It's been three months since a Powerball player took home the game's multimillion-dollar jackpot. Wednesday night could see another lucky winner, with an estimated $750 million up for grabs. It's the fourth-largest lottery jackpot in U.S. history.
Lottery officials say the cash value for Wednesday's jackpot, if taken as a lump sum instead of spread out over 29 years, is estimated at $465.5 million.
Wednesday's jackpot is just shy of a massive, which was the lump sum amount claimed earlier this month by an anonymous .
There was no winner in the $638.8 millionSaturday. The winning numbers drawn that night were 24, 25, 52, 60, 66 and Powerball number 5.
How late can you play Powerball?
Sales cut off at least 59 minutes before the drawing, according to the Multi-State Lottery Commission. But cut-off times can be earlier depending on the state, so it's best to check your state's lottery commission. Wednesday's drawing will take place at 10:59 p.m. ET.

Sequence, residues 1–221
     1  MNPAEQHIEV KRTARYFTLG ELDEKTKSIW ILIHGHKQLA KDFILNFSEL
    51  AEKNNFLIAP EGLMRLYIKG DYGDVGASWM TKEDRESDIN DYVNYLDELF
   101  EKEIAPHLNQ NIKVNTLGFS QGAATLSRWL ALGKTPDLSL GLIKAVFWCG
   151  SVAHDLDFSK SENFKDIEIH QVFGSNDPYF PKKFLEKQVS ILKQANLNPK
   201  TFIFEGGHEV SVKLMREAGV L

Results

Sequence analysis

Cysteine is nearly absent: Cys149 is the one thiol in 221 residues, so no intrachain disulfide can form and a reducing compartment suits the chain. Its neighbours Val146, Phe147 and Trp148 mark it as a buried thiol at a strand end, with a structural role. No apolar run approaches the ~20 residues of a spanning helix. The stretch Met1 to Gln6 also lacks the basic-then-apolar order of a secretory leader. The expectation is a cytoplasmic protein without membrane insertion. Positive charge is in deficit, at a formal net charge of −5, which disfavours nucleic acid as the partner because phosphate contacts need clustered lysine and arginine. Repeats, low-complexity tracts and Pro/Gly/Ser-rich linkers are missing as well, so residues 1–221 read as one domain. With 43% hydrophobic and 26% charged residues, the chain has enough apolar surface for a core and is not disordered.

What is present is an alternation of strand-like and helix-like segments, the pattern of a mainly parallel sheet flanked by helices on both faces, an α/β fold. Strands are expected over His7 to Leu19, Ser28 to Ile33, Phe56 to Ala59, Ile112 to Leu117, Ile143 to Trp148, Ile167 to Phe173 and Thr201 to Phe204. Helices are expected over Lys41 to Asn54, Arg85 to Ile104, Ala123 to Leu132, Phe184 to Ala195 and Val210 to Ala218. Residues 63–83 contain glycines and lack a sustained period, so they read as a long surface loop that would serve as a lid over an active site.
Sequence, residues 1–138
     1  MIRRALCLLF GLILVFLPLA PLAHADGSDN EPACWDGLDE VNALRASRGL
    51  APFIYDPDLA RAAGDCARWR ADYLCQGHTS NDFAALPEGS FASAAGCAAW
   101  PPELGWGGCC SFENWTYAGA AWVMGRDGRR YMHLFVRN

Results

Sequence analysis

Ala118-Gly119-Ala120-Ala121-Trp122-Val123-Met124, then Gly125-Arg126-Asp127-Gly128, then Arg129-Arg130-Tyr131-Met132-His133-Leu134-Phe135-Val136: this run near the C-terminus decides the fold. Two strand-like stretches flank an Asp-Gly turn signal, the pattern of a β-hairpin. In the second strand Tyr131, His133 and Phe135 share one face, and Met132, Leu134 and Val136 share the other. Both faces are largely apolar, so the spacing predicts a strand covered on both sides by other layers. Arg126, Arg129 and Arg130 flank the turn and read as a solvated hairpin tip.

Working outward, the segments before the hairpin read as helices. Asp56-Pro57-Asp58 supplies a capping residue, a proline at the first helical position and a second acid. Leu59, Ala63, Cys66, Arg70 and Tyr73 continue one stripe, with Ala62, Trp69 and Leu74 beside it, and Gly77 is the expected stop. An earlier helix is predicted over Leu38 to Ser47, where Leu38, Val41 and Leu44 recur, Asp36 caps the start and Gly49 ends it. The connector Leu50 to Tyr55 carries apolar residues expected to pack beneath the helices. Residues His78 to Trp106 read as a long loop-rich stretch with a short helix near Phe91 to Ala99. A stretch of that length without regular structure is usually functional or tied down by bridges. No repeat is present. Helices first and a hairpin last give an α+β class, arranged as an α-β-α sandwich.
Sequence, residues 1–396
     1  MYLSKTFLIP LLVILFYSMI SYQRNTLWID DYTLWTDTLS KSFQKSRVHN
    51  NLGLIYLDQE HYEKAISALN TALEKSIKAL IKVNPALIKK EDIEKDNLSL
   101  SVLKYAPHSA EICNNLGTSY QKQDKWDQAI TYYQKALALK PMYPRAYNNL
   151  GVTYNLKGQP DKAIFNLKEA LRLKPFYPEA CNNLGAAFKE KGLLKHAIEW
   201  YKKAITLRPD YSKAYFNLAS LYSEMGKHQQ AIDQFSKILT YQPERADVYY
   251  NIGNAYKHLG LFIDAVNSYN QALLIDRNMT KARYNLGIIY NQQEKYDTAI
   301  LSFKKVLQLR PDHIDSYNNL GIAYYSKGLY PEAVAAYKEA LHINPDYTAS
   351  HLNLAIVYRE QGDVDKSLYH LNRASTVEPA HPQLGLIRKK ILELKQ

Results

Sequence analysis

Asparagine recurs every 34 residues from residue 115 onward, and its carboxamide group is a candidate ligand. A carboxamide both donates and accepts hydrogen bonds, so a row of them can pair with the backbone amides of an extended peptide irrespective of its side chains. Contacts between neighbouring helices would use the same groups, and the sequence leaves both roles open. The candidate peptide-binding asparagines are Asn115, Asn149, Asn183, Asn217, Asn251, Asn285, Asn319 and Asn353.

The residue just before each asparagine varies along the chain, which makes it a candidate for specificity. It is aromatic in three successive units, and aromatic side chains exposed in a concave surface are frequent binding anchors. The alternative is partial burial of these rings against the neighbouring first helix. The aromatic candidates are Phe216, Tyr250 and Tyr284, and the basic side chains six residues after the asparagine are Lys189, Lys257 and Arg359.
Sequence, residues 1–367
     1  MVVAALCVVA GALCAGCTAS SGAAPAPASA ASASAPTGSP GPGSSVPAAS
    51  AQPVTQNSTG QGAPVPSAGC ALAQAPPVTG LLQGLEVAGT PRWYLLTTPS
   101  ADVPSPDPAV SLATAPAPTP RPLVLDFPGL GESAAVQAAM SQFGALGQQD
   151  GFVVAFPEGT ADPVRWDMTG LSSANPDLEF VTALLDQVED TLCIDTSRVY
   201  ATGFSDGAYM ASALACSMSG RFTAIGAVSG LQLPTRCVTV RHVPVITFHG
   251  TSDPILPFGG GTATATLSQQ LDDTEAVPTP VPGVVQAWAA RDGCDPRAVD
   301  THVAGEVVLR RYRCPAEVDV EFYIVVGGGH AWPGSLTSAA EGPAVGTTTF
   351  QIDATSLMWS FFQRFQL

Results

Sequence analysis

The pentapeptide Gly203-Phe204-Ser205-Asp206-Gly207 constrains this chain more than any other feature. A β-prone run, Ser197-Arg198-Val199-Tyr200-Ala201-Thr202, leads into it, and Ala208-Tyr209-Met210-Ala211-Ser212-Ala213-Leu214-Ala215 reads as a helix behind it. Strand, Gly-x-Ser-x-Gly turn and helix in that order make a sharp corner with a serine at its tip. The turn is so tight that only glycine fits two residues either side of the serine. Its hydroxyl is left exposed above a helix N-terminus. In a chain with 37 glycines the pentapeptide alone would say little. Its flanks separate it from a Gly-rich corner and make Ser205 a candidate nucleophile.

Odds of winning
The odds of winning a jackpot remain abysmal at 1 in 302 million for Mega Millions and 1 in 292.2 million for Powerball. You are 25,000 times more likely to hit a hole-in-one than you are of winning a Powerball jackpot.
Where can you play Powerball?
Powerball is played in 44 states, plus Washington, D.C., the U.S. Virgin Islands and Puerto Rico.
Who buys lotto tickets?
About two-thirds of Americans gamble. Last year, they spent $72.97 billion on traditional lottery tickets, according to Gallup.
On average, that's $206.69 per person. "Our obsession with lotteries, with gambling, is that unicorn feeling of, like, 'maybe it'll be me,'" CBS News business analyst Jill Schlesinger said. She points out that some people don't necessarily play to win.
"They just want to take a moment out of their day to consider how to dream big," Schlesinger said.
The average American spends about $223 per year on lottery tickets, according to a survey from LENDedu. Massachusetts residents have the biggest taste for playing the odds, spending almost $763 per year on lottery tickets, the study found. North Dakotans are on the opposite end of the spectrum, spending about $44 per year on the lottery, or the lowest average figure among residents of all 50 states.